Friday, August 10, 2012
The Supreme Judicial Court of Massachusetts in In the Matter of the Enforcement of a Subpoena formally recognized a judicial deliberative privilege rooted, in part, in state constitutional judicial independence and separation of powers.
The move simply puts a formal judicial stamp of approval on a privilege already recognized in other states and the federal system, and supported by Massachusetts common law. As the court said, "Such a privilege is deeply rooted in our common-law and constitutional jurisprudence and in the precedents of the United States Supreme Court and the courts of our sister States."
The court said the privilege applied to quash a subpoena issued by the Massachusets Commission on Judicial Conduct in relation to an investigation of allegations of bias against a Massachusetts judge. But the court also said that the Commission might issue a better tailored subpoena that would survive a motion to quash based on the privilege.
The court rooted the privilege in part on two state constitutional provisions, both requiring, in different ways, an independent and impartial judiciary. The first, Article 29 of the Massachusetts Declaration of Rights, reads:
It is essential to the preservation of the rights of every individual, his life, liberty, property, and character, that there be an impartial interpretation of the laws, and administration of justice. It is the right of every citizen to be tried by judges as free, impartial and independent as the lot of humanity will admit. It is, therefore, not only the best policy, but for the security of the right of the people, and of every citizen, that the judges of the supreme judicial court should hold their offices as long as they behave themselves well; and that they should have honorable salaries ascertained and established by standing laws.
The second, Article 30 of the Declaration of Rights, referenced in a footnote in the opinion, reads:
In the government of this commonwealth, the legislative department shall never exercise the executive and judicial powers, or either of them; the executive shall never exercise the legislative and judicial powers, or either of them; the judicial shall never exercise the legislative and executive powers, or either of them; to the end it may be a government of laws and not of men.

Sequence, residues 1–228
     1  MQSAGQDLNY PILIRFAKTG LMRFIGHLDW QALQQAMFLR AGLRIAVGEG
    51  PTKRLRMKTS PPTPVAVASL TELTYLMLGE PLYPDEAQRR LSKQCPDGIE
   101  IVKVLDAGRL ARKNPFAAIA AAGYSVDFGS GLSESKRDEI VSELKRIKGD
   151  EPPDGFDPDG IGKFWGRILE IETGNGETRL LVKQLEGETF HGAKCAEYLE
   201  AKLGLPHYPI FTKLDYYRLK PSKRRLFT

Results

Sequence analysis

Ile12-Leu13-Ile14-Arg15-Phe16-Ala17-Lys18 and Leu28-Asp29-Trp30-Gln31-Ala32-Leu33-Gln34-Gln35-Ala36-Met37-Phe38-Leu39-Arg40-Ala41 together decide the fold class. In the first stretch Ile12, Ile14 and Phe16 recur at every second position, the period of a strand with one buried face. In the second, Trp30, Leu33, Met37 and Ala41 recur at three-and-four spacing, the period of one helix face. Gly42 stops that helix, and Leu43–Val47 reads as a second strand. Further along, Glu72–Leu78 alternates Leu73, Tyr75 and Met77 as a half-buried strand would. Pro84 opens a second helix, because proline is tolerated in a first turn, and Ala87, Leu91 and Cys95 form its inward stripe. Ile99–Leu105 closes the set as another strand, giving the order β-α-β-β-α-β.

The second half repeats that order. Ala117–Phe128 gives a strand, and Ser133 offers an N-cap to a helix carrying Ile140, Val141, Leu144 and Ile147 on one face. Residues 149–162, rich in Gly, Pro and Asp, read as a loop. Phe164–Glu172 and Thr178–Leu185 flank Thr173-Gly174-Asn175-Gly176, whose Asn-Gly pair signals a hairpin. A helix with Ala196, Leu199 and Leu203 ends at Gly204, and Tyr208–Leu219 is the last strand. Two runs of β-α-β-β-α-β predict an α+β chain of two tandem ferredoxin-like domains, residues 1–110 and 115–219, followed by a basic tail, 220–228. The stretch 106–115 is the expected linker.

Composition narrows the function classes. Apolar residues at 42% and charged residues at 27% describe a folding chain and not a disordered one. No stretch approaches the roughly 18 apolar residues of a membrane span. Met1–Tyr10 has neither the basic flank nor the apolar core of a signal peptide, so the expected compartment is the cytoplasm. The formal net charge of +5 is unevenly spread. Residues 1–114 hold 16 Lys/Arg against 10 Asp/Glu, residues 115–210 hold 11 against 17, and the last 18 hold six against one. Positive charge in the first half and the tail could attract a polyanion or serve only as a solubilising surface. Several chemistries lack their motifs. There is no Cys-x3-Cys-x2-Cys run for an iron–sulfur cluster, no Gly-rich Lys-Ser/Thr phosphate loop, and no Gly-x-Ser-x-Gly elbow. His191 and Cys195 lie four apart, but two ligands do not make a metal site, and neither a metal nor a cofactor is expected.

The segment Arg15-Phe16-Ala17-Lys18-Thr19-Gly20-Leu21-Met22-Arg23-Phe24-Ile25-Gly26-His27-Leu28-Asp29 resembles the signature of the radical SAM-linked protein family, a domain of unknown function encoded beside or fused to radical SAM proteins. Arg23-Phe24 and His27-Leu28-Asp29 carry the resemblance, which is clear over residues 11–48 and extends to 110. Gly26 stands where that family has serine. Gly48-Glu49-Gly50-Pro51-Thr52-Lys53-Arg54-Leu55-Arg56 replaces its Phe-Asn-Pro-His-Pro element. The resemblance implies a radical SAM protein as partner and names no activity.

(Article 30 is part of Madison's survey of state separation-of-powers provisions in Federalist 47. Madison writes that Article 30 "corresponds precisely with the [strict separation of powers] doctrine of Montesquieu," but also that "[i]n the very Constitution to which it is prefixed, a partial mixture of powers has been admitted.")
The court said in the footnote that "[t]he circumstances of this case raise these very [separation-of-powers] concerns," because the complaint against the judge was initiated by an executive branch official (even though the Commission itself is formally a judicial body).
Thursday, August 9, 2012
A sharply divided (4-3) Minnesota Supreme Court ruled in State of Minnesota v. Crawley that the Minnesota ban on falsely accusing police officers did not violate the First Amendment.
The ruling is in tension with a 2005 case in the Ninth Circuit, Chaker v. Crogan. Between the two rulings and the split on the Minnesota court, the case is a good candidate for Supreme Court review.
The ruling narrowly construed Minnesota's ban in order to save it--ruling that the ban must be interpreted as a ban on unprotected defamatory speech. More than anything, it was that narrow construction--or, rather, the court's authority to so construe or rewrite the statute--that divided the court.
The ruling sends the case back to the trial court for retrial under the newly construed law.
Minnesota's law reads:
(a) Whoever informs, or causes information to be communicated to, a peace officer, whose responsibilities include investigating or reporting police misconduct, that a peace officer . . . has committed an act of police misconduct, knowing that the information is false, is guilty of a crime and may be sentenced as follows . . . .